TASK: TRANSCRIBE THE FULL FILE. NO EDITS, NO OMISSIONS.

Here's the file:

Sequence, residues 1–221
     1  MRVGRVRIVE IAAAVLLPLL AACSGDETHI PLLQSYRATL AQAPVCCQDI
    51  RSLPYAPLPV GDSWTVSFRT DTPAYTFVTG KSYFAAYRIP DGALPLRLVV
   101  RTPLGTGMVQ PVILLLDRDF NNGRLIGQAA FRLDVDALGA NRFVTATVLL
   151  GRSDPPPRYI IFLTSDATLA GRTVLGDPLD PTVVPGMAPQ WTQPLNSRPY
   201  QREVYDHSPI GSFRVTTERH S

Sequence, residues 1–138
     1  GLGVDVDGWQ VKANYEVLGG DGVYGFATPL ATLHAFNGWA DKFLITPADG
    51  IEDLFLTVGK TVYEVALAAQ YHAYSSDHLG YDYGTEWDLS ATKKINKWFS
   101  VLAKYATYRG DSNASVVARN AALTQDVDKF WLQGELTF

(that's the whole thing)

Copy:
Sequence, residues 1–221
     1  MRVGRVRIVE IAAAVLLPLL AACSGDETHI PLLQSYRATL AQAPVCCQDI
    51  RSLPYAPLPV GDSWTVSFRT DTPAYTFVTG KSYFAAYRIP DGALPLRLVV
   101  RTPLGTGMVQ PVILLLDRDF NNGRLIGQAA FRLDVDALGA NRFVTATVLL
   151  GRSDPPPRYI IFLTSDATLA GRTVLGDPLD PTVVPGMAPQ WTQPLNSRPY
   201  QREVYDHSPI GSFRVTTERH S

Sequence, residues 1–138
     1  GLGVDVDGWQ VKANYEVLGG DGVYGFATPL ATLHAFNGWA DKFLITPADG
    51  IEDLFLTVGK TVYEVALAAQ YHAYSSDHLG YDYGTEWDLS ATKKINKWFS
   101  VLAKYATYRG DSNASVVARN AALTQDVDKF WLQGELTF